As David Raw so clearly puts it, “The only way it may start to recover is if Dr Cable was big enough to stand up and say ‘we got it wrong then’.” Until he does we will not recover and indeed simply continue to decline. A nice policy or emergency motion will doubtless make us feel good about ourselves, but will not make one iota of difference to the poor of this country.

    perhaps your emergency motion should begin “This party recognises the almighty mess it made in coalition when its parliamentarians concentrated too much on saving the country from the effects of the banking crisis and far too little on saving the people from the Conservatives.”

    I’m sure you get my drift.

  • James
    Why all the emphasis on the “aspirational” unemployed? What about those unaspirational? What about the disabled – in particular those with intermittent disability or invisible disability, or energy sapping conditions? Depression? ME? Psychoses?

    While we all feed off the agendas of the Sun, the Mail, the Express, the Telegraph etc, we will keep revisiting the same negative language and actions, and will not change anything.

  • These days, when I hear lib dem on these topics, I think of the bedroom tax with no exemption for a lack of suitable smaller properties (with hasty attempted backtracking before election) and NHS privatisation. I have no faith in the party on issues like this.

    Honestly I think you guys haven’t yet accepted that you now have a record in government for the voters to judge you on. It’s an orange book, and nobody likes it.

  • @ JoeB

    It is not clear from your posts regarding the scraping of the national Council Tax Benefit scheme if you support the scraping. I think we should restore the national scheme.

    @ Bill Fowler
    “As I said before, lot of people with a lower income than those on benefits (who are exempt) have to pay the full council tax”

    And I have challenged this as false before, but you haven’t responded. When it was a national scheme the full Council Tax Benefit level was set at the level of Jobseekers Benefit and the State Pension (as far as I know there have been no changes for pensioners it is only working age people who have had to suffer the 10% cut in Council Tax Benefit). Therefore if someone had an income equal to the Jobseekers Allowance they paid no Council Tax and from there, there was a scale of reducing the benefits in line with earnings (20%). Also if a person had savings above a certain level they would get less benefit or no benefit (if savings were over £16,000).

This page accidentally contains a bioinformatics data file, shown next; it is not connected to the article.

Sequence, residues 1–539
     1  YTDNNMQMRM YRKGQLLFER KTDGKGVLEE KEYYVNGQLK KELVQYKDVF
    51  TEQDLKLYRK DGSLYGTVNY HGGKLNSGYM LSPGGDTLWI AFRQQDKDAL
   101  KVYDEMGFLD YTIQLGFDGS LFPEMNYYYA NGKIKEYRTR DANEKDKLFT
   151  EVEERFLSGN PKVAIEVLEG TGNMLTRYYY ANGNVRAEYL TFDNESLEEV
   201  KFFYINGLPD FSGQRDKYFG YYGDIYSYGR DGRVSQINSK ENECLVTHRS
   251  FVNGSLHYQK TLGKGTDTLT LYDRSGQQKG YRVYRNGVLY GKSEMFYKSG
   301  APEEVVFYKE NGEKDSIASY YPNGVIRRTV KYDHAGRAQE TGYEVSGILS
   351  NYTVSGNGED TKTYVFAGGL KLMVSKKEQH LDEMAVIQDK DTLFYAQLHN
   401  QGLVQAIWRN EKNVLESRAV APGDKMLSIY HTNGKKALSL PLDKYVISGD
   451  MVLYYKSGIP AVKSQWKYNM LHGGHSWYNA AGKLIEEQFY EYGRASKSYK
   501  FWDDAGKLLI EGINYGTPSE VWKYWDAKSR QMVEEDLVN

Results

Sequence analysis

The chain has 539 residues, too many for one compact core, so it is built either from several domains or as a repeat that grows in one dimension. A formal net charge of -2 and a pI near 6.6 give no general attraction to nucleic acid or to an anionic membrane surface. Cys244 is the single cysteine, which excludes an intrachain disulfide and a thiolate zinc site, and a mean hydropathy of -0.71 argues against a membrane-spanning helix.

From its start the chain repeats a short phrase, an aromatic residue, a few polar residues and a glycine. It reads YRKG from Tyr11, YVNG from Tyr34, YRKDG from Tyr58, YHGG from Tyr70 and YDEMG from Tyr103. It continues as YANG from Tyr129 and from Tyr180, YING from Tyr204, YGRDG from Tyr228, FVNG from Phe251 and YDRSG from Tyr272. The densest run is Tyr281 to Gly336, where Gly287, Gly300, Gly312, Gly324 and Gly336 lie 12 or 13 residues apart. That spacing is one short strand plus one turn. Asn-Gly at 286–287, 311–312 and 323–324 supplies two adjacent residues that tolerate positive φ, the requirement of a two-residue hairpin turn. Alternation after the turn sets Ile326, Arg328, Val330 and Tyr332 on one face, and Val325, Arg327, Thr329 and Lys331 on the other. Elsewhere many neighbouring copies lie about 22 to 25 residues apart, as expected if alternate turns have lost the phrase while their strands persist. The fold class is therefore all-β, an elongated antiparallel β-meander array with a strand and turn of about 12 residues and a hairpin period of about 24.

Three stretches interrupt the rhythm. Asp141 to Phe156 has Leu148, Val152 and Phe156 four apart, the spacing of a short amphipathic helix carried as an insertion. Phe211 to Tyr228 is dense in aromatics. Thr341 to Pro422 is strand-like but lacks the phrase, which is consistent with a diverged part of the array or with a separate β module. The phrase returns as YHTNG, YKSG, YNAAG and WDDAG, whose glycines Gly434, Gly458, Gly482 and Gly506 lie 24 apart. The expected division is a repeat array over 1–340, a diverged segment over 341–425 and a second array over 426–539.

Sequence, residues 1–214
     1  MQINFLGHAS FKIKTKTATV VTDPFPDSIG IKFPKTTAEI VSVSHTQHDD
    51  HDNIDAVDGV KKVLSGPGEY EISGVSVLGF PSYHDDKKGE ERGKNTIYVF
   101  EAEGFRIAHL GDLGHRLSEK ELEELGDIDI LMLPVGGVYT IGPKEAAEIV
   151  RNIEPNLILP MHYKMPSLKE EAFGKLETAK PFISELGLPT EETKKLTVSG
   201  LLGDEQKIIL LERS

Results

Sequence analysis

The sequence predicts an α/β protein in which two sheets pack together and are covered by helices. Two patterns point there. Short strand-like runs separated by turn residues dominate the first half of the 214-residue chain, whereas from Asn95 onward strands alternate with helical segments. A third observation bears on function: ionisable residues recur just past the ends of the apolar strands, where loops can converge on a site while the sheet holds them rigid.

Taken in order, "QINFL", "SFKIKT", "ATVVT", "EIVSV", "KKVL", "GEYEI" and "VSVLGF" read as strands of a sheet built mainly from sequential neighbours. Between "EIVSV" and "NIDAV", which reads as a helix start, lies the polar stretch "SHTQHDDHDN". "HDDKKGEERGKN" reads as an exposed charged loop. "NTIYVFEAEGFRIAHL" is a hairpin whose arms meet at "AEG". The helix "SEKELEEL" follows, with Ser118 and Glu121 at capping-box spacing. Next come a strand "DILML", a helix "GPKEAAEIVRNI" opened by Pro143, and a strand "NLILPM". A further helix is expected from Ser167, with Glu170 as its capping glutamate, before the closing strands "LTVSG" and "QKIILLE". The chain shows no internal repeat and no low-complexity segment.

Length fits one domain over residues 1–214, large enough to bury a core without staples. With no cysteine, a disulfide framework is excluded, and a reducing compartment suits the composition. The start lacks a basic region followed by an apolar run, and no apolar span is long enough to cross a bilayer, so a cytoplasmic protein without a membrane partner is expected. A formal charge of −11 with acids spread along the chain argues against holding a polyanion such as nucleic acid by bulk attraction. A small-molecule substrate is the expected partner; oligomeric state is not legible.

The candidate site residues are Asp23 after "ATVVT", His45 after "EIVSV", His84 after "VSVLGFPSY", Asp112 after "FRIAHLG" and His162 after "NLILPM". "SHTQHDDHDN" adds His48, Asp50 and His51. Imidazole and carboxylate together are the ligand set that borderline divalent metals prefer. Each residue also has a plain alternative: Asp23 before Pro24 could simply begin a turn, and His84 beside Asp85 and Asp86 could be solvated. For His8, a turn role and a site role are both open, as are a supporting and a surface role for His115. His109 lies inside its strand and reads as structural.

According to Wikipedia, “The rebate would be reduced by a fifth of any qualifying income above a certain level; benefits did not qualify for this calculation, but most other income did.”

    Therefore if someone earned £10 a week more than the benefit level they would pay £2 a week. Therefore Council Tax Benefit was related to income. The only way someone would pay the full Council Tax would be if their income above the Jobseekers Level was 5 times the Council Tax (e.g. Council Tax = £1000, earnings (not including benefits) equal £3801.20 + £5,000 = £8801.20).

    Of course now there is no national schemes each local authority is free to set up its own scheme for those of working age, but these schemes I believe still have to be applied with regard to income. However I note that Wokingham Council to those of working age does not give any reduction to those in band E or above properties and they all have to pay 10%. I have used the Reading Borough calculator and someone on Jobseekers Allowance has to pay £5.50 a week, while someone earning £73.10 has to pay the same amount, which is just under 25% of the Council Tax.

    Do you have any examples of someone paying the full Council Tax and not paying rent with an income under £8801.20 where the Council is still using the old national scheme?

  • Katharine Pindar 27th Aug '17 - 11:06pm

    David Evans – hi, again, David, a neat comeback on the old theme, and I enjoyed it! You are right, as is David Raw, to complain about empty words, whether they be easy attacks on Mr Corbyn or easy expressions of alarm and sympathy in an emergency motion. I don’t, as you know, share your complete denunciation of the Coalition policies, and others (including my own Executive, and was that not Tim13 on another thread?) place more emphasis on the positive side of that brave but ultimately unsatisfactory experiment. Perhaps you are both right nonetheless that Sir Vince should start off by apologising for the Coalition’s failures, but we must leave that to his good judgement.